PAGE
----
Route to the job
In 1980 I graduated in civil engineering at Plymouth Polytechnic, and in 1993 gained an MSc in highway engineering from Nottingham University.
After leaving Plymouth, I worked in Iran on a large dam construction and irrigation project. I joined the army in Iran from 1982-84, and was trained in speedy construction of roads and bridges for army use. Thankfully, I never had to use my explosives training to destroy bridges!
In 1985 I joined Lincolnshire County Council as an assistant engineer, working on highway improvement schemes. In 1989 I spent a year at West Yorkshire HETS, a local government consultancy, before moving to Daventry District Council for nearly 10 years, first as an engineer, then as a senior engineer. In July 1998 I saw this job advertised in NCE.
I had been doing similar work with my previous employer, so I had a clear idea what to expect. Plymouth has a relatively clean and modern city centre, with some great conservation areas near its shopping centre. There is therefore a great opportunity for an engineer to combine technical and imaginative skills to find solutions to different and often conflicting demands. This is exactly what I expected - and I wasn't wrong Naturally, I was quite apprehensive about moving to an unknown place after working in Daventry for 10 years. But very soon my fears proved unfounded. My colleagues made me feel welcome in my new workplace. I did, however, have to adapt quickly to new Quality Assured office systems.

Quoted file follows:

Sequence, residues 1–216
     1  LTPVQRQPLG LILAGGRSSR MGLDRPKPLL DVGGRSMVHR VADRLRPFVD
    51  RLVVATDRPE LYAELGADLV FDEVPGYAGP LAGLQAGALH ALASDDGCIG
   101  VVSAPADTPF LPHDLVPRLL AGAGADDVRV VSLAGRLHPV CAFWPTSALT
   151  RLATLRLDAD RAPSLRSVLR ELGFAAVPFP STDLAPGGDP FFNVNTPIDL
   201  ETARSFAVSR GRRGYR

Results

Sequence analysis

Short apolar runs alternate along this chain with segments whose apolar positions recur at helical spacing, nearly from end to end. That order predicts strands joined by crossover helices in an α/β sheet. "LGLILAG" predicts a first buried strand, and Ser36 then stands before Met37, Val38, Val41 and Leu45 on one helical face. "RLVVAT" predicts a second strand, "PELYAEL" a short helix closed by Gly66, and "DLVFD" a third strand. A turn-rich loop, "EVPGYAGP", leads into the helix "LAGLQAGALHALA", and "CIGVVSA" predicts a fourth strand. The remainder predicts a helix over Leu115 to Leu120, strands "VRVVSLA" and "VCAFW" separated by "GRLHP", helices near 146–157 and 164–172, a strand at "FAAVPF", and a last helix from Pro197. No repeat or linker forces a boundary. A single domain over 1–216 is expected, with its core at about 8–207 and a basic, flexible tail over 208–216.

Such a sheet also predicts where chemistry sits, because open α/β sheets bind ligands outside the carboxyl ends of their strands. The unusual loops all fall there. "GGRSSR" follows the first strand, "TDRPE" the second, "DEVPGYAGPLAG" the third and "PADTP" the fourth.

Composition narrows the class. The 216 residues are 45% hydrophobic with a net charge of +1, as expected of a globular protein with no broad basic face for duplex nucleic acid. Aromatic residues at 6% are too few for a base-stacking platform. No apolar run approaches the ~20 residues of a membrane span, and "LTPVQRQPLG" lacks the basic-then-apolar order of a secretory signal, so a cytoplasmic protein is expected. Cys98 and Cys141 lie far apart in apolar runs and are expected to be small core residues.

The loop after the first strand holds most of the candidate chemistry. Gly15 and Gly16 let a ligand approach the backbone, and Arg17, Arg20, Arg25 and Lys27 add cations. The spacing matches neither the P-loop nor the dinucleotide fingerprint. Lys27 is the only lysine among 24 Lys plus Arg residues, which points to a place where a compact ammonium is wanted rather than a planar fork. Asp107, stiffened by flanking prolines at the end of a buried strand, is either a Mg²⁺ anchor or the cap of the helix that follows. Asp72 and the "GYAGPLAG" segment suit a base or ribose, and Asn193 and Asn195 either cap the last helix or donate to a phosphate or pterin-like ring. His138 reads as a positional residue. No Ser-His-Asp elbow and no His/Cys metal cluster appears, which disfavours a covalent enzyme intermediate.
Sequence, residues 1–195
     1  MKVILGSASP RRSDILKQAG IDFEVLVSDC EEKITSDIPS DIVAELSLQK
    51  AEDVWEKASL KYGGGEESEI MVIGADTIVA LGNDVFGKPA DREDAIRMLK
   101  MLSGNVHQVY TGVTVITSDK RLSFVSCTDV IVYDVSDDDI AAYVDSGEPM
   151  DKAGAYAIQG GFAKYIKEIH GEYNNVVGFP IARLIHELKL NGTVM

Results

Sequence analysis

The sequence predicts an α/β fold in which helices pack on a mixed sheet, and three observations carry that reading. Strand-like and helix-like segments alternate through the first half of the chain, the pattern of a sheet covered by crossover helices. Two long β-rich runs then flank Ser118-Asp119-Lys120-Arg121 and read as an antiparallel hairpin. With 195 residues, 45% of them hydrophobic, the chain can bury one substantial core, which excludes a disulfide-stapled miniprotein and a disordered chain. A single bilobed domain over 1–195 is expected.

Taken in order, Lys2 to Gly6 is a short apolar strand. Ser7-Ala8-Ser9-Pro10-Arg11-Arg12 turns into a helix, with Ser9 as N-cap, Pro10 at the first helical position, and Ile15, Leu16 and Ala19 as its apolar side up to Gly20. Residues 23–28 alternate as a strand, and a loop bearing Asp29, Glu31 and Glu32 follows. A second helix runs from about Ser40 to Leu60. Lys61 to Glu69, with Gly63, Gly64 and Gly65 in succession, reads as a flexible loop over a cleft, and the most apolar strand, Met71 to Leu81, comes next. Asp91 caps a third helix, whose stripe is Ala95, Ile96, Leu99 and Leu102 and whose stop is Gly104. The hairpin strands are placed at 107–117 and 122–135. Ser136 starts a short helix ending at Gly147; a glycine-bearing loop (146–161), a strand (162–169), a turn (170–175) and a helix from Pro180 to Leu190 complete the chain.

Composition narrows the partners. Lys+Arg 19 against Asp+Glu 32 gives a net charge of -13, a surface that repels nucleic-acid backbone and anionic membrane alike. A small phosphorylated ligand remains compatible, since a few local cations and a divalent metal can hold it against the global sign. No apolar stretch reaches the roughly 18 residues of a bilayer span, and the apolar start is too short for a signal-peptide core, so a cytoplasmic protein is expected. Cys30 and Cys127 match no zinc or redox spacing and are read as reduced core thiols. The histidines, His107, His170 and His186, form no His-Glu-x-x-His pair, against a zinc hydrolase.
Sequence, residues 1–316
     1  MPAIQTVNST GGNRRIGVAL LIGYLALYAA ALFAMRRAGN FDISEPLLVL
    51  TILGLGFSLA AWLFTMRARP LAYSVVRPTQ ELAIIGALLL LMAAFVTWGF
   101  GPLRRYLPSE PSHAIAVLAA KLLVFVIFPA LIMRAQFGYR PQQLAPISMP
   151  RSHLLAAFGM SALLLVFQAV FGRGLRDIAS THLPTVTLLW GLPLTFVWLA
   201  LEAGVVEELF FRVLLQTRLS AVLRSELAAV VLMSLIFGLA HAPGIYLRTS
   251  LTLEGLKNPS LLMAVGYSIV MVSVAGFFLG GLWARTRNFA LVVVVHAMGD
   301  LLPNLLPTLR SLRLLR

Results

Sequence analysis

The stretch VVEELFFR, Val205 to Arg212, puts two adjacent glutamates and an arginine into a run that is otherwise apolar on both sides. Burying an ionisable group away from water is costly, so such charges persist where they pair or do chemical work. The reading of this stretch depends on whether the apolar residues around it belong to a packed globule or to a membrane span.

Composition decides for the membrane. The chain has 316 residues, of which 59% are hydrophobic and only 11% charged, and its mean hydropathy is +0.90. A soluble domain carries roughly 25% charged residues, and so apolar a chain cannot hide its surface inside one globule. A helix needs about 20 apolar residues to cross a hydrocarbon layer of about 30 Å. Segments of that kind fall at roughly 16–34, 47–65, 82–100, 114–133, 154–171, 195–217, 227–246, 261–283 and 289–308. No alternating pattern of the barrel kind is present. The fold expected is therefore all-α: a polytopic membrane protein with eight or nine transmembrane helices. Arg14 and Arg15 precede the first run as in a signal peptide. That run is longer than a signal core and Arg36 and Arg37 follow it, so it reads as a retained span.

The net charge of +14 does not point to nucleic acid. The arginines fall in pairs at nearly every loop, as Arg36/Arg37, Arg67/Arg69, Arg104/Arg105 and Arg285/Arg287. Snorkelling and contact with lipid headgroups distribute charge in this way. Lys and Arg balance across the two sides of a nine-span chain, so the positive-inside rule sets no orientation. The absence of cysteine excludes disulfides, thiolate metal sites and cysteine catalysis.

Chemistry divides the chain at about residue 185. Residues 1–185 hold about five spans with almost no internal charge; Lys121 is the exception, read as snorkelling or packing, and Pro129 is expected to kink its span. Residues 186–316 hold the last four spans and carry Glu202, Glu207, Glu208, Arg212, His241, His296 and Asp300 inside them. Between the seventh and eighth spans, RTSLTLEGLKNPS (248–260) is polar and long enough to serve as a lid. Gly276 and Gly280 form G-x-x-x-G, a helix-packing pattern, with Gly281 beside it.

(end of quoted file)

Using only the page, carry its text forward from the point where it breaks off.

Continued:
If you think all local government is the same, think again. While there are some similarities in delivery of service, local government can certainly run quite differently. It does not mean that one is better than another one: the management style and policies could simply be different. Plymouth has a very comprehensive equal opportunities policy, which ensures that all groups such as disabled people, ethnic minorities and women are treated fairly. Employees are also offered good training opportunities.
The workload is heavy, and you have to work long hours. But to compensate for this, you can take flexi-leave. I have also been very fortunate, as I work with some great colleagues. And believe me, the view from the Civic Centre's tall building is superb.
When you move job, you should try to be flexible and adapt. The greatest benefit from moving is that it can broaden your experience and widen your vision. The cost associated with moving is enormous - although most employers make a contribution to your cost. I estimate that my expenditure in the first year increased by 20%. My children settled into their new schools quickly, but they needed more of my attention.
My advice is to find out what your potential employer can offer that is important to you. For most people, money can definitely be a driving factor. But other factors - such as the working conditions and the people you work with - can be more important.